- The Washington Times - Wednesday, March 15, 2017

There was a time this season when Washington Wizards coach Scott Brooks had the fanciful idea of John Wall playing around 33 minutes a game. The feasibility of that thought at the time was low, but the sentiment made sense.

Brooks and the rest of the Wizards‘ staff understand the value of their four-time All-Star point guard. They, like the rest of the league, have also learned how to prioritize rest. The run-until-you-vomit practice era has ended.

Washington even plucked a point guard, Brandon Jennings, for a late roster add on March 1.

Yet, Wall’s minutes keep climbing.

Wall is averaging the second-most minutes of his career and the fifth-most per game in the league entering Wednesday night. Since Jennings was signed, Wall’s minutes have gone up. He is averaging 38 per game in those seven outings. Two of those games have gone to overtime, somewhat skewing the average. But, stripping those 10 minutes still leaves Wall at 37 minutes per game, which remains an increase on the roughly 36 minutes he was averaging before Jennings was signed.

“I’d like to get him down a few more minutes,” Brooks said Wednesday. “It’s not critical, but it’s semi-important. We’re definitely cutting some of his practice times and shootaround times and we’re having days off, especially with this stretch of games in March.”

Wall has played 82 games in a season once during his six year career. That 2014 season, Wall made 82 starts and played 2,980 minutes. He can’t match the game total this season since he sat out the second game of back-to-backs twice early in the season as part of his recovery from two offseason knee surgeries. But he is on pace for the second-largest minutes total of his career. At this rate, Wall will play 2,947 minutes this season.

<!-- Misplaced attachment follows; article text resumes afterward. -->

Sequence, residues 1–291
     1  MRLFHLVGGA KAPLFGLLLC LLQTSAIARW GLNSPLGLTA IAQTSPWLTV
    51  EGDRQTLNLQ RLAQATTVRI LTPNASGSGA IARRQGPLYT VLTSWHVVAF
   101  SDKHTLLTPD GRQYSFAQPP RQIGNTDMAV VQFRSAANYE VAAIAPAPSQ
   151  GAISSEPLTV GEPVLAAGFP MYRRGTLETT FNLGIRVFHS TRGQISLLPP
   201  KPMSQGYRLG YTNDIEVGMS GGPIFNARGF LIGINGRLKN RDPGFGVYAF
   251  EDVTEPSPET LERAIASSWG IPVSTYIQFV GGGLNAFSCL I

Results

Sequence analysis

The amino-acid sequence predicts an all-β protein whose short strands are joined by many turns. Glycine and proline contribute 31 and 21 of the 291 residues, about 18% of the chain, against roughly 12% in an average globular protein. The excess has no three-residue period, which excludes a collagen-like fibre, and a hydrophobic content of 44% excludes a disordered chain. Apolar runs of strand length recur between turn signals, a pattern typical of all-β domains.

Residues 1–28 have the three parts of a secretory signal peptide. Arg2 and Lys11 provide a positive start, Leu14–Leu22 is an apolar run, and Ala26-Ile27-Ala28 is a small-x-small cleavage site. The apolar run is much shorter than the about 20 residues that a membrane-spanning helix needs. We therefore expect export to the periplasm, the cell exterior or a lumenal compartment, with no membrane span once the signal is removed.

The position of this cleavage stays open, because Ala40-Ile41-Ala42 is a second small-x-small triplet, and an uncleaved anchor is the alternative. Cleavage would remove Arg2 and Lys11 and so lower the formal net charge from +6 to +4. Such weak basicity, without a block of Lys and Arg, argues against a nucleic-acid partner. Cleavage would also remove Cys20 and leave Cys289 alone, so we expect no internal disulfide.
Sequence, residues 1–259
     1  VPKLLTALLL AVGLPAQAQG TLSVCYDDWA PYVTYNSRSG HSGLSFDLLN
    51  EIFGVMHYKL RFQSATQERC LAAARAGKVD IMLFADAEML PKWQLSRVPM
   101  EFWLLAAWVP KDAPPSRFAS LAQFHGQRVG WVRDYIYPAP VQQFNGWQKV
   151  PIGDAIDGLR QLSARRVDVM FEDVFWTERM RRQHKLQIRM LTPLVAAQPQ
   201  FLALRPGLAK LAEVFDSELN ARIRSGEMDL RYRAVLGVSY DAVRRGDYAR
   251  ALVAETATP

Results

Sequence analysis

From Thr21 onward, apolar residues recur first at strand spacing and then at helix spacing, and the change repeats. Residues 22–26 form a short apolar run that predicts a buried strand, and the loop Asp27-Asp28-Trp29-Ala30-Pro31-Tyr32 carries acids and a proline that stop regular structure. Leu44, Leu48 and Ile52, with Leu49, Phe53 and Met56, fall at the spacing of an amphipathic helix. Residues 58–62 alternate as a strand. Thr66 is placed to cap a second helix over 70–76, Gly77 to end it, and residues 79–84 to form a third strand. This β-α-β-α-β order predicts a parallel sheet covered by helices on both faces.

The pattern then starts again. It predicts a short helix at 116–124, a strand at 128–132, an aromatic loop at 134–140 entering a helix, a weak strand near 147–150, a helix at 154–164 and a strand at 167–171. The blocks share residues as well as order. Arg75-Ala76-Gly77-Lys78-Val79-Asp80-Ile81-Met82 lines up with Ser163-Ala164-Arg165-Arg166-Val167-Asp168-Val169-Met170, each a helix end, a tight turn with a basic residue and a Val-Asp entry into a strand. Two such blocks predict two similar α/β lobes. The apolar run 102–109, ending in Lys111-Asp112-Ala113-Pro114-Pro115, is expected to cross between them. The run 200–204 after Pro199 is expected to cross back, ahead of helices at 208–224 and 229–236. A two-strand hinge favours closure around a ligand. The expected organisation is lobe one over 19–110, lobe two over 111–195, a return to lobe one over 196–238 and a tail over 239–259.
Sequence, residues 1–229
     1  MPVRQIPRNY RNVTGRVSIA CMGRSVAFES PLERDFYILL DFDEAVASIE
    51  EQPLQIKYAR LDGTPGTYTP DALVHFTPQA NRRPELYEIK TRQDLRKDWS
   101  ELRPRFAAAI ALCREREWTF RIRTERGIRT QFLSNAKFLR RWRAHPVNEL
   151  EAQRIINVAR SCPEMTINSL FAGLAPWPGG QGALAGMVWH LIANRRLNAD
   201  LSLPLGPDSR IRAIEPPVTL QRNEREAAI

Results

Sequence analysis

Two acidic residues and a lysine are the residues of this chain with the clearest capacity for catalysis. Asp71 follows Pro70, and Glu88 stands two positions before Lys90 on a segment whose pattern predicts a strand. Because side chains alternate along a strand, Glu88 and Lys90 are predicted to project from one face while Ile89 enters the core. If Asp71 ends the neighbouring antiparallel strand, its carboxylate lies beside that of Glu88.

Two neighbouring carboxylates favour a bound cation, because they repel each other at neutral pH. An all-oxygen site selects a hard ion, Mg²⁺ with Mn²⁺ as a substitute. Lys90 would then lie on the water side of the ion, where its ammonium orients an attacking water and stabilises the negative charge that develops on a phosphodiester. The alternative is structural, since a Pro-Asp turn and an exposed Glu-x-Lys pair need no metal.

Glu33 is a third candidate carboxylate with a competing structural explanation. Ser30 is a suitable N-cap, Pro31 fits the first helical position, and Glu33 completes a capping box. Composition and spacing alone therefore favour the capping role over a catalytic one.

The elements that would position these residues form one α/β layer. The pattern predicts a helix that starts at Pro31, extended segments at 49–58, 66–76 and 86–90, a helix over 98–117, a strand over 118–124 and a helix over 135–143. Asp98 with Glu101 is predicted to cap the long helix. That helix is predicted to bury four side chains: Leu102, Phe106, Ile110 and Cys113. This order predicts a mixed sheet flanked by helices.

Brooks makes a specific effort to provide breaks in between games. Wall’s in-game and off-day activity is also monitored. It’s logical to think his workload per minute on the floor has been reduced considering that he is surrounded by the most talent of his time in Washington. However, Wall’s ambitious up-and-down style is rooted in speed, crashing through the lane and dozens of trips from baseline to baseline on a nightly basis.

Among the issues in any recent attempt to reduce Wall’s minutes are early deficits and Brooks‘ preference to see how and if he can put Jennings and Wall together on the floor. Instead of strictly swapping Jennings for Wall, the two or three minutes they may play together kill any reduction for Wall. But, if they are not on the floor together in a game in the limited amount of regular season remaining, Brooks won’t be able to get a read on the pairing.

“I’m trying to figure that out on the fly as we go,” Brooks said.

Which leads to one more question that has been debated throughout the league: Should the Wizards rest Wall if he is not injured?

The complications of that philosophy were on display last week when the Golden State Warriors rested multiple stars in what was supposed to be a marquee matchup on national television. San Antonio Spurs coach Gregg Popovich brought the idea to the fore. He routinely rests many of this best players, sparking debate about whether teams owed it to fans to play their best players whenever possible.

Wall has stated multiple times that he does not want to miss a game just to sit out. Two years ago, he played in the playoffs with a broken hand. Multiple dings acquired during the regular season don’t keep him off the court. It’s a point of personal pride, not to mention crucial to the Wizards‘ ability to win.

“I’ve never done that unless a guy’s really banged up and needs time to rest,” Brooks said. “It’s important to have our guys feeling healthy and feeling fresh throughout the games. We have an obligation — just my philosophy — you have 82 games to play and you try to play the best that you can during those times. I like when guys are committed to playing every game. That’s what we all get paid to do. If it’s necessary, we will consider it.”

Brooks said he is in daily communication with Wall and the medical staff. He also pointed out another key that, at this point, appears to rule.

“He feels good right now,” Brooks said.

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